.....Advertisement.....
.....Advertisement.....

Local News

  • Taylor Countians talk about reasons they are thankful

    The Thanksgiving holiday is a day to gather with friends and family and say thanks for the blessings in our lives.

    The tradition of having a Thanksgiving meal goes back to the 1600s, according to www.history.com.

    In September 1620, a small ship called the Mayflower left Plymouth, England, carrying 102 passengers looking for a new home where they could freely practice their faith and others lured by the promise of prosperity and land ownership in the New World.

  • Send Santa letters to the CKNJ

     

    Santa has begun checking his Christmas list in preparation for his trip around the world next month.

    Santa says letters from children are the best part of his holiday season. And, as always, the Central Kentucky News-Journal is serving as a drop-off point for letters to Santa. The News-Journal will also publish a special section filled with children's letters and colored drawings and give prizes to the best letter writers and coloring pictures.

  • Lebanon man arrested following pursuit

    A Lebanon man is in jail after a police pursuit.
    According to a Kentucky State Police report, on Saturday at around 10:30 a.m., Trooper Fred Cornett attempted to pull over a 1998 Nissan that he observed speeding on U.S. 68 in Taylor County.

  • Victory Bowl creates opportunities for CU broadcasting students

    Katie Johnson

    Campbellsville University

    The National Christian College Athletic Association Victory Bowl, hosted by Campbellsville University on Saturday, Nov. 19, created a unique opportunity for broadcasting and digital media students.

    The CU sports network expanded for this event to include both mass communication students and staff. The Victory Bowl is a national invitational bowl championship game that will result in widespread coverage.

  • School menus for Nov. 28-Dec. 2

    Campbellsville Independent

    Nov. 28-Dec. 2

    Monday - Sausage, gravy, baked apples, scrambled eggs, biscuits and milk with choice of chuckwagon.

    Tuesday - Beef nachos, cheese sauce, tortilla chips, Spanish rice, refried beans, shape-up and milk with choice of corn dog.

    Wednesday - Manager's choice, buttered cord, mandarin oranges, Scooby fruit snack and milk with choice of pork chop.

    Thursday - No menu provided.

    Friday - No menu provided.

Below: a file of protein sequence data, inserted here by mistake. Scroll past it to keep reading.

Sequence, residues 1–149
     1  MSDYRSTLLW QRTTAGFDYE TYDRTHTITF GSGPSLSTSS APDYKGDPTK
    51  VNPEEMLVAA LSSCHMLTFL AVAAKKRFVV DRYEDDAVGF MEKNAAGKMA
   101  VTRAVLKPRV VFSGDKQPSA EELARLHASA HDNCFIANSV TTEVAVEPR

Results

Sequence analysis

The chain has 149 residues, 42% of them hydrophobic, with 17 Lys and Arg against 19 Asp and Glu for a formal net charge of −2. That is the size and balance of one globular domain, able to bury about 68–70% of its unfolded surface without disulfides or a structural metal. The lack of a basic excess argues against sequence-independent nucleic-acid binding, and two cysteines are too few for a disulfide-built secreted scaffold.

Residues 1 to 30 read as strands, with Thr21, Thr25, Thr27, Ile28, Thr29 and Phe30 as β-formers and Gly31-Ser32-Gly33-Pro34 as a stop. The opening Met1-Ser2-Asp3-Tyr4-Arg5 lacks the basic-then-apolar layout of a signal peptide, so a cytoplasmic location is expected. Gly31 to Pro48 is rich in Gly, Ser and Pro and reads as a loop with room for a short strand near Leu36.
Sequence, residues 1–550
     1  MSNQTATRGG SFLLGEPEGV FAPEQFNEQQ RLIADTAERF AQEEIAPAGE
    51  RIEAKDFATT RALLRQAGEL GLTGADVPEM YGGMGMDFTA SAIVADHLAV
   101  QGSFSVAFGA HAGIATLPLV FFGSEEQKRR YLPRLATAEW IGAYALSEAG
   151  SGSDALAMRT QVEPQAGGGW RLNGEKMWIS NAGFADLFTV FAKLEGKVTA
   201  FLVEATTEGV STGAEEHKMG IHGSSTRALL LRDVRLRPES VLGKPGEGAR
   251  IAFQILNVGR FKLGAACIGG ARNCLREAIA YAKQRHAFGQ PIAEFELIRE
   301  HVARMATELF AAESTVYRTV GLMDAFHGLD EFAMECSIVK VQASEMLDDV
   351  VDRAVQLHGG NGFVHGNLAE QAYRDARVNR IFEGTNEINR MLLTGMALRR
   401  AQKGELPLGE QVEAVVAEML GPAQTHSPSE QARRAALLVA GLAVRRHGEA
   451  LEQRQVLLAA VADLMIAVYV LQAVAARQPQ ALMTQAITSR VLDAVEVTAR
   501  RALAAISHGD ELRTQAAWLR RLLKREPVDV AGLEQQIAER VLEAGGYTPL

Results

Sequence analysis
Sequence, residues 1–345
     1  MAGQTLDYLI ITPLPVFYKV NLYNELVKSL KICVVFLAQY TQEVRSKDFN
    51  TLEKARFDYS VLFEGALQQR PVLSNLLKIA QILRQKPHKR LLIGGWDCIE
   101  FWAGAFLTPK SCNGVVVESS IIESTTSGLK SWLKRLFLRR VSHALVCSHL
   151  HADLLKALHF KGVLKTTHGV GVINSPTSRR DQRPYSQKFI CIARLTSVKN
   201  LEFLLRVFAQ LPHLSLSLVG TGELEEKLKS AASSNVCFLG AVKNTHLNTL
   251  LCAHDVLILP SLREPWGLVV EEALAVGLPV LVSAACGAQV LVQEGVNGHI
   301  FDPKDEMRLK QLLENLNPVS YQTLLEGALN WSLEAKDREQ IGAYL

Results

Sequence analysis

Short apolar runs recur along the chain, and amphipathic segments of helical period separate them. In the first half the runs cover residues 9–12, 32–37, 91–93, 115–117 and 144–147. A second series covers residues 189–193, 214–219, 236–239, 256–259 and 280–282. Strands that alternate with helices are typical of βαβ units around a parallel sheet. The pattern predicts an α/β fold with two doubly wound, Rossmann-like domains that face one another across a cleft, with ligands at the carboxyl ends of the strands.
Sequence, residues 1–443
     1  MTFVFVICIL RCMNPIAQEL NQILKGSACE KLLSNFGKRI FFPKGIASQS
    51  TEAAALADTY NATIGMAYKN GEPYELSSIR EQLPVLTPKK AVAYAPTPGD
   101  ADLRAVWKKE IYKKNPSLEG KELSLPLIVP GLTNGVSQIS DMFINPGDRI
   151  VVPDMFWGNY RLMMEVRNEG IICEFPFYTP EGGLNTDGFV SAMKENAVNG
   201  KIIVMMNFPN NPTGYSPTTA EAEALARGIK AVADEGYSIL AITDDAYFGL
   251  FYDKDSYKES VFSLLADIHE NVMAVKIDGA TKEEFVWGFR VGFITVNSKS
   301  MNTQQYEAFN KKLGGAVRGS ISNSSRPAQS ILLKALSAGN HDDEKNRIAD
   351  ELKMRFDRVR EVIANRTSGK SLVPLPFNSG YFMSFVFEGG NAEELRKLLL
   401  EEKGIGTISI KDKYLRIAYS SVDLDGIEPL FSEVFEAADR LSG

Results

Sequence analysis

Taylor County

  • TCMS wins MAC grant

     

    Loria Christie, a math interventionist at Taylor County Middle School, was recently presented with a check for $500 from McDonald's Kentuckiana. Christie had applied for the Making Activities Count grant for classrooms.

    The money will be used to purchase dance typing pads, which require students to move to designated points that hold the answers to math problems they are presented.

  • Missing baby wasn't really missing, attorney says


    The two-month-old baby reported missing in September isn’t missing any more.
    The mother’s attorney, however, has said the baby was never missing, he was simply with his mother.
    Conner Wayne Keith was born in Campbellsville on Aug. 24, and was reported to have not been seen since Sept. 27.

    He was listed on the National Center for Missing & Exploited Children website, www.missingkids.com, when his mother failed to give him to his father after a judge ordered her to.

  • Post office closings put on hold


    Mannsville residents don’t know yet whether their post office will close. And they might not know until next year.
    Though no decision has been made yet, the Postal Service announced in July that the Mannsville Post Office is one of 3,700 being studied for possible closure. More than 130 of the locations are in Kentucky.

    USPS announced that the closures are being considered because more customers are conducting postal business online, on smart phones and at other retail stores, which means the need for post office locations is declining.

  • Pyles enters Alford plea, avoids trial


    A Campbellsville man accused of attempting to shoot and kill his former wife didn’t face a jury trial last Wednesday after all.
    Instead, Preston Dean Pyles, 42, of 415 Quisenberry Road, entered an Alford plea to one charge, had another dismissed, and was sentenced to serve five more years in prison.

    With an Alford plea, a defendant recognizes that the court has enough evidence to convict, though the defendant maintains his innocence. The court treats an Alford plea the same way as a guilty plea.

  • Warmer winter lies ahead, experts say


    Today’s temperature may feel unseasonably warm. And, days like today could be the norm this winter.

    According to John Denman, a meteorologist with the National Weather Service’s Louisville office, all evidence points to a warmer winter than usual.
    Denman said the Climate Prediction Center’s winter forecast calls for a “better than even chance of being warmer than normal.”
    While Denman said it is hard to predict the weather, science and history back the CPC’s forecast.